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Pope prays for Jerusalem and still hopes for a just solution

By Cian Molloy - 11 December, 2017

Only a negotiated solution between Israelis and Palestinians can lead to a stable and lasting peace and guarantee the peaceful coexistence of two states within internationally recognised borders

As tensions mount in the Middle East following the decision by US President Donald Trump to recognise Jerusalem as the capital of Israel, the Vatican says it is closely monitoring the situation and the Pope is praying that political leaders do everything to avert a new spiral of violence.

Despite last minute appeals by the Pope, the Latin Patriarch and Church leaders across the globe, President Trump announced last Wednesday that the United States Embassy in Israel would move from Tel Aviv to Jerusalem.  The move immediately sparked protests in many Arab countries, and two people were killed in Palestine when Israeli troops opened fire on protesters. The Latin Patriarchate of Jerusalem said, “We are all worried about the violence that could be unleashed and the unpredictable consequences.” The city of Jerusalem is sacred to the world’s three major monotheistic religions: Christianity, Islam and Judaism.

Following Israel’s declaration of independence in 1948, and the Arab-Israeli war that followed it, Jerusalem became a divided city – West Jerusalem ruled by Israel and East Jerusalem annexed by Jordan. Then during the 1967 Six Day War, Israel captured East Jerusalem and annexed it, putting it under direct Israeli rule – a move that was condemned unanimously by a UN General Assembly Resolution. While Israel has claimed Jerusalem as its capital, the international community has not recognised the city as such, and have maintained their embassies and consulates in Tel Aviv. Moreover, under international law, the 200,000 Israelis living in East Jerusalem are seen as illegal settlers. However, Israel has made it difficult for Palestinians to buy property in East Jerusalem and stops Palestinian NGOs from operating there.

Peacemakers had hoped that a final settlement might see Jerusalem becoming a joint capital for Israel and an independent Palestine, but Israel has always opposed such aspirations.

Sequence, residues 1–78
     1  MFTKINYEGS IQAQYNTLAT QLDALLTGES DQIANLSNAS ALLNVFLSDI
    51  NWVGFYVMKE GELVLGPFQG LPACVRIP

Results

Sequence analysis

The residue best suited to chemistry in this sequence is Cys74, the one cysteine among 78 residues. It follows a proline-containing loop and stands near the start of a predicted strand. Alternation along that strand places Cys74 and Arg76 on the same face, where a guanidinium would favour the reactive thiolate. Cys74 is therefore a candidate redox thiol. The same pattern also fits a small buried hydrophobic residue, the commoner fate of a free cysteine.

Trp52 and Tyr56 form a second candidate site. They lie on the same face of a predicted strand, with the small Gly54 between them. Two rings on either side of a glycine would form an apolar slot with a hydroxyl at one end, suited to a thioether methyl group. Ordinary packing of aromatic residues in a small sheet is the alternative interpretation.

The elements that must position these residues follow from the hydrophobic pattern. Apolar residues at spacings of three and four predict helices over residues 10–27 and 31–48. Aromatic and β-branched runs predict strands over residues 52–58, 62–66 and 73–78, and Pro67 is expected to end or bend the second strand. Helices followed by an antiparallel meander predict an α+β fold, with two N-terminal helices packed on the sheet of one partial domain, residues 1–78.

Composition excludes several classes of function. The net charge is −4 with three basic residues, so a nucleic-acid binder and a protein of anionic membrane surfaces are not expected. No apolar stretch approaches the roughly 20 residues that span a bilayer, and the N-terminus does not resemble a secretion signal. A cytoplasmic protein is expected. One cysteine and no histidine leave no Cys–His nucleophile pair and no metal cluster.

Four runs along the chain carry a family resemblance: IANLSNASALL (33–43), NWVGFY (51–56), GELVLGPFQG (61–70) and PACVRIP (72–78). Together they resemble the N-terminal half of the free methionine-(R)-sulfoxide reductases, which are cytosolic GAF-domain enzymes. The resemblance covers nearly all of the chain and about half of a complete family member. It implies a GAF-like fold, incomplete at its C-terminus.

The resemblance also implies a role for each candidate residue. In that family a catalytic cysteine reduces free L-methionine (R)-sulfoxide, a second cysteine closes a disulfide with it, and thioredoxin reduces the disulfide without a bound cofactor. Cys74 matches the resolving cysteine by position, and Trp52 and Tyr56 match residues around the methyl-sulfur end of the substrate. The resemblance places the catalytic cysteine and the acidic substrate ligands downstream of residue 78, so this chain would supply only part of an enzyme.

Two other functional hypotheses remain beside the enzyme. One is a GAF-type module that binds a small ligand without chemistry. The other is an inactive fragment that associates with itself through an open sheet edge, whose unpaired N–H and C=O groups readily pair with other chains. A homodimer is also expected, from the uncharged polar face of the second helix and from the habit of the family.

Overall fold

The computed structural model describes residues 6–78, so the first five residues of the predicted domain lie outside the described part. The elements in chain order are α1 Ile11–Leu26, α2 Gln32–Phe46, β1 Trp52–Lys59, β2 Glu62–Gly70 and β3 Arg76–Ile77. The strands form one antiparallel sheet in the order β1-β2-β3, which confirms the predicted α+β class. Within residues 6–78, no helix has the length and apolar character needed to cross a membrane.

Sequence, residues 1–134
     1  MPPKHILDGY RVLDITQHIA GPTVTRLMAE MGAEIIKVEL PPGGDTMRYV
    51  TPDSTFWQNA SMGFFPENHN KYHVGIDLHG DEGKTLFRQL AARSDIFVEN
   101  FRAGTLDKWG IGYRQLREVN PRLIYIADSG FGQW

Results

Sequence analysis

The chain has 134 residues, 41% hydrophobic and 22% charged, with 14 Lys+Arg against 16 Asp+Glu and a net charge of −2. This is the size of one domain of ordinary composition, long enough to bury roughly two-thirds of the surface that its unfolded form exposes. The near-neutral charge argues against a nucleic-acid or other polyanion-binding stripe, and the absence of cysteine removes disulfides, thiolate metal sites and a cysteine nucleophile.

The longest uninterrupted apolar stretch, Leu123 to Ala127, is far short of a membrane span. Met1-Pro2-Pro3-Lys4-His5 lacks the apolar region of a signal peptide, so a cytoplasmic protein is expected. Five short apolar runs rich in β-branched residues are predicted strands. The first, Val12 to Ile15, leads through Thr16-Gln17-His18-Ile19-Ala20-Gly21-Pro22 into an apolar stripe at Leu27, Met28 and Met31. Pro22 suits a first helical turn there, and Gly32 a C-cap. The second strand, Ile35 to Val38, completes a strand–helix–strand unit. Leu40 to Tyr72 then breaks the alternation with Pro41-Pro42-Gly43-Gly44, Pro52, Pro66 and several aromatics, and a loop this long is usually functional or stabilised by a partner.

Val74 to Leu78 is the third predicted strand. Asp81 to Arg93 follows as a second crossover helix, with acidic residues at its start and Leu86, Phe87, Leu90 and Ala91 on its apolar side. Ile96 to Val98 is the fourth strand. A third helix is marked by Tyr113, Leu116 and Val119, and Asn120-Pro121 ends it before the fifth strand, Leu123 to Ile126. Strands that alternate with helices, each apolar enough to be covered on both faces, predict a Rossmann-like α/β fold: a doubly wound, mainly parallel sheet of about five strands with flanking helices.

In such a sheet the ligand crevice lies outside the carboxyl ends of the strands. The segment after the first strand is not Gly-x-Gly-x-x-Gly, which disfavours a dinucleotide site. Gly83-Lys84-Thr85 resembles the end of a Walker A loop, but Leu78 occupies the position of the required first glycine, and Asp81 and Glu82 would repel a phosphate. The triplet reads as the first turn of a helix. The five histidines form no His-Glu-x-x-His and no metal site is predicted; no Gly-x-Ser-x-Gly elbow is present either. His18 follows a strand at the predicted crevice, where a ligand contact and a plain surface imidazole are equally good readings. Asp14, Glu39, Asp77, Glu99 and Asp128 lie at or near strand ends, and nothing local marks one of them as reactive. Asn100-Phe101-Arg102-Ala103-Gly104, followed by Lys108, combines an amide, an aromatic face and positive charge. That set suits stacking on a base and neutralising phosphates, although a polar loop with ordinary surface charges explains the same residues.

A press statement issued by the Vatican’s press office on Sunday said, “Concerns about peace prospects in the region are the subject of various initiatives over these days, including urgent meetings convened by the Arab League and the Organisation for Islamic Cooperation.

“The Holy See is sensitive to these concerns and, recalling the heartfelt words of Pope Francis, reiterates its well-known position regarding the unique nature of the Holy City and the indispensability of respecting the status quo, in accordance with the agreements of the international community and repeated requests of the hierarchies of the Churches and Christian communities of the Holy Land. At the same time, the Holy See reiterates its conviction that only a negotiated solution between Israelis and Palestinians can lead to a stable and lasting peace and guarantee the peaceful coexistence of two states within internationally recognised borders.”

A statement released by the Latin Patriarchate of Jerusalem two days earlier, reaffirmed the Church’s position; “There is nothing that can prevent Jerusalem, in its uniqueness and unity, from becoming the national symbol of the two peoples that claim it as their capital. Israelis and Palestinians should reach an agreement that corresponds in some way to their legitimate aspirations and that respects the principles of justice. Unilateral decisions that change the current configuration of the city will not bring benefit, but only new tensions and they will remove the possibility of peace-making.”

While the Vatican has placed an emphasis on the continuing need for dialogue by all parties, for some now is not the time for talks.  In Egypt, the Coptic Church has suffered from a series of violent attacks, including the bombing of Church buildings, by militant Muslim extremists. On Saturday, the head of the Coptic Church, Pope Toawadros II, cancelled a planned meeting with US vice president Mike Pence, partly in protest at the US decision on Jerusalem, and out of concern that such a meeting might lead to further attacks against Christians in Egypt.

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